OLEA is becoming a whole universe in itself! It has opened up a Pandora’s box of conceptual possibilities. With the passing of time, I myself have been surprised by the way in which my works fit together in a discourse that makes a lot of sense to me. The obligation to have a “style”, which worried me when I was younger, has simply become a set of features and themes that naturally emerge in my projects.
OLEA relates to the storage of data as it is actually code stored in DNA and then preserved in olive oil. It is also a time capsule, in this case related to the evolution of the concept of value in the history of mankind and the understanding of data, which now encompasses genomics. Human beings have left traces throughout their evolution, and let’s not forget that technology is the true economy. That is why OLEA appeals to the collective memory in the history of mankind, where as early as 15 BC we have traces of genetic alterations in cereals, which led to the birth of added value in the exploitation of the land and gave rise to the concept of agriculture, a sort of value-added structure to a fractal production ecosystem. It is, in a synthetic way, the same thing that happens with the blockchain, a territory that is endowed with value through the creation of tokens. All these ingredients led to the production of this project.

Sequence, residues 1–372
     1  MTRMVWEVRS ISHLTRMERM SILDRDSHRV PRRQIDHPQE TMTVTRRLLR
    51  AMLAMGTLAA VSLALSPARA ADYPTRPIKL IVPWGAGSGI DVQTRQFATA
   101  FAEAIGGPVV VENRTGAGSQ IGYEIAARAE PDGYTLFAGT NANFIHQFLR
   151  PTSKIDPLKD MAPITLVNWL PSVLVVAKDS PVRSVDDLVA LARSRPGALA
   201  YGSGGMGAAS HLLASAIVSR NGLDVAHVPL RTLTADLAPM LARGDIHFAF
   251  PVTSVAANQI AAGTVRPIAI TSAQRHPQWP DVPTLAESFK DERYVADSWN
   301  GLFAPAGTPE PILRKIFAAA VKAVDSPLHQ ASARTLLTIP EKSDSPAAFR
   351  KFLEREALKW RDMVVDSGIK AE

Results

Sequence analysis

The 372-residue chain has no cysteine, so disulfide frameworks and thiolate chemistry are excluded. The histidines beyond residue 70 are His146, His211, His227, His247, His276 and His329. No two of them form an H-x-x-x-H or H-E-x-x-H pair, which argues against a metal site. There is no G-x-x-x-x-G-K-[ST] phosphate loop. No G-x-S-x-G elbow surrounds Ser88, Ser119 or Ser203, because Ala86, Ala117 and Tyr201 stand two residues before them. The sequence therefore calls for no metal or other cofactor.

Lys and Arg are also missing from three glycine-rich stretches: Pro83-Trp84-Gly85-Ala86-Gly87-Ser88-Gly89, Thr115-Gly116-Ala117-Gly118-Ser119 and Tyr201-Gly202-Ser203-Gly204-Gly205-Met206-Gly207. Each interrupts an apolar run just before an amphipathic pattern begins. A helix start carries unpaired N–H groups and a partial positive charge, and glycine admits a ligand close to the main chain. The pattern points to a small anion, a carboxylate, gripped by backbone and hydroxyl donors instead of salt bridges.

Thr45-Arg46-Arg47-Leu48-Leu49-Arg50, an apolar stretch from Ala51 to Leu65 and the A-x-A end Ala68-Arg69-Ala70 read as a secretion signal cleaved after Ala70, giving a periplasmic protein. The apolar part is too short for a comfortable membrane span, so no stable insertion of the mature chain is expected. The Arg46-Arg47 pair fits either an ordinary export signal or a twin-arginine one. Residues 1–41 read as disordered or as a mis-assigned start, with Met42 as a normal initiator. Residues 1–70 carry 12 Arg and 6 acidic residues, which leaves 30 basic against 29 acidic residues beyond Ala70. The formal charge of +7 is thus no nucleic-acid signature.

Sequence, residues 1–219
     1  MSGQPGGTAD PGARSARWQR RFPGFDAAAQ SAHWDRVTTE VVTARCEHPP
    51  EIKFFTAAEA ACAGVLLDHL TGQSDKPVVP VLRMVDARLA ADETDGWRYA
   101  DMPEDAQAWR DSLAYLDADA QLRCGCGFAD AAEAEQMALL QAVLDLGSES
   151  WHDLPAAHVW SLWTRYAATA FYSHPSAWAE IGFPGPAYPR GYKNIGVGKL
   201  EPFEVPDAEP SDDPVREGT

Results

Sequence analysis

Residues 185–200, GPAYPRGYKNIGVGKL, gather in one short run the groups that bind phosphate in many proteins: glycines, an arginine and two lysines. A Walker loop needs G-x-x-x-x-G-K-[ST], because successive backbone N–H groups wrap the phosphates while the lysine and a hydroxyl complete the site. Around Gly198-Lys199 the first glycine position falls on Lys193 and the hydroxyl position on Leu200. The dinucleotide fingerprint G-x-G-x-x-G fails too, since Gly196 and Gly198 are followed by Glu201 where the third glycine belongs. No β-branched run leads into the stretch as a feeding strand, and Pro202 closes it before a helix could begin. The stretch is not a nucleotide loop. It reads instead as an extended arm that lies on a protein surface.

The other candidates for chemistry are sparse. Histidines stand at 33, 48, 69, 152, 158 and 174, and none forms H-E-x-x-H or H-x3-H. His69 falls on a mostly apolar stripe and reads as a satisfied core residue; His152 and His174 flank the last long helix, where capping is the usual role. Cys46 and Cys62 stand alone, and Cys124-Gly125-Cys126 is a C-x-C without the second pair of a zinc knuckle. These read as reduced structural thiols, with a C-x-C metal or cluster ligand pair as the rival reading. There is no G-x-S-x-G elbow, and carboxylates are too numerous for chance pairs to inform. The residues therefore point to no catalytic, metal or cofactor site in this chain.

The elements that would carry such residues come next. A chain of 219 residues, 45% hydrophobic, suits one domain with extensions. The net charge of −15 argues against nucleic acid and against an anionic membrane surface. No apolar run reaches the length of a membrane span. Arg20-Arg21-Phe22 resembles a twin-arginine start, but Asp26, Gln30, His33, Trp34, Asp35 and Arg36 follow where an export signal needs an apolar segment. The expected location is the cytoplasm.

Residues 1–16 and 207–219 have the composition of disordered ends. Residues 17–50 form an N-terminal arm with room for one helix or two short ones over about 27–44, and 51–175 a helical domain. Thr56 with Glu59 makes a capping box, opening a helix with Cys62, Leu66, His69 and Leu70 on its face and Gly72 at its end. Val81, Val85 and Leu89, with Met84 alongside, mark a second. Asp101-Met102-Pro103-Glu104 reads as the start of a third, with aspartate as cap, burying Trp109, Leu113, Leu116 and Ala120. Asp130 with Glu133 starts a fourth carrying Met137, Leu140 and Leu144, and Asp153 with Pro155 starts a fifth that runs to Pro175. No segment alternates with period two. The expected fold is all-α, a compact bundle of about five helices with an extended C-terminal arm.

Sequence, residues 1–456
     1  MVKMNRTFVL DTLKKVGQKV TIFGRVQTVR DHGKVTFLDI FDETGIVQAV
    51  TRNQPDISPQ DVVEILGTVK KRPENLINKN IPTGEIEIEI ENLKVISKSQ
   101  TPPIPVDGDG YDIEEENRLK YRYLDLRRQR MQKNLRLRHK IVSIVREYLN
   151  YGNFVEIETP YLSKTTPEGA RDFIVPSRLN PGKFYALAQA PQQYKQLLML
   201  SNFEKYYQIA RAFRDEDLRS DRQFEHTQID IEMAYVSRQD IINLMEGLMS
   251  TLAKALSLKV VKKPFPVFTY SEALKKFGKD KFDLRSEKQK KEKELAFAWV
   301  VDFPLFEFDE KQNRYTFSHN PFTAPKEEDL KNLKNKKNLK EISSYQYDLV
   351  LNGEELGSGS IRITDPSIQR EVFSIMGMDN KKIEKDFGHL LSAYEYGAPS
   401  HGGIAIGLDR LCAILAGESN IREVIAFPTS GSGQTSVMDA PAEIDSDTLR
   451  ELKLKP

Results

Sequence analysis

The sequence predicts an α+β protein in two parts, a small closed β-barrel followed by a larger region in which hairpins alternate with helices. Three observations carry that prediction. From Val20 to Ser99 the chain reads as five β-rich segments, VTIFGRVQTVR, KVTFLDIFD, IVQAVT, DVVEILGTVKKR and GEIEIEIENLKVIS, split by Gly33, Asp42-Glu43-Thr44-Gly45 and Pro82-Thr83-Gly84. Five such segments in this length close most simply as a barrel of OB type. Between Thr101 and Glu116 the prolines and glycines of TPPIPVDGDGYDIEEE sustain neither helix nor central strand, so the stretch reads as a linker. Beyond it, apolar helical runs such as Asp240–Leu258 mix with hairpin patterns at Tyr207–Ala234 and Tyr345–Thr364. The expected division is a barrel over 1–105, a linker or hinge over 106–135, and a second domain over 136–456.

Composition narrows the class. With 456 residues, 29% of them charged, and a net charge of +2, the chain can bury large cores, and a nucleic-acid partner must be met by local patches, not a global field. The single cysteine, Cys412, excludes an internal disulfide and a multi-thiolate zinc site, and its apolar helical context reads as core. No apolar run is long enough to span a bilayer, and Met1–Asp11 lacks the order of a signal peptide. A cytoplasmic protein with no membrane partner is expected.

It is true that I left behind more individual concepts related to personal data to appeal to something less individualistic. In recent interviews I keep repeating a phrase that perhaps explains this leap in my career: “In the era of fakes and empowered artificial intelligence, any personal story is possible. The challenge is to create collective stories that change us and influence us all. My work doesn’t talk about me in the first person, but about us.”
OLEA involves two very different technologies such as blockchain and genetic engineering, which however are both linked to the concept of registration and storage. What do these technologies bring to your work and how are they essential to the concept of this project?
Indeed, OLEA is a work that belongs to two intertwined worlds and that is what I intend to show when I exhibit it. Working with genetic code, which is still in a very primitive phase, requires a very interesting process of information synthesis, just as it happened back when we stored information on floppy discs.
This is also the case with the information stored “on-chain” in the blockchain, which also has its storage limitations, which is another interesting and common feature in the current state of these two technologies. Both are special to me for the way in which they leave their mark in their different materialities, as well as for their invitation to have faith in the technology or the value they bring to the ecosystem to which they belong.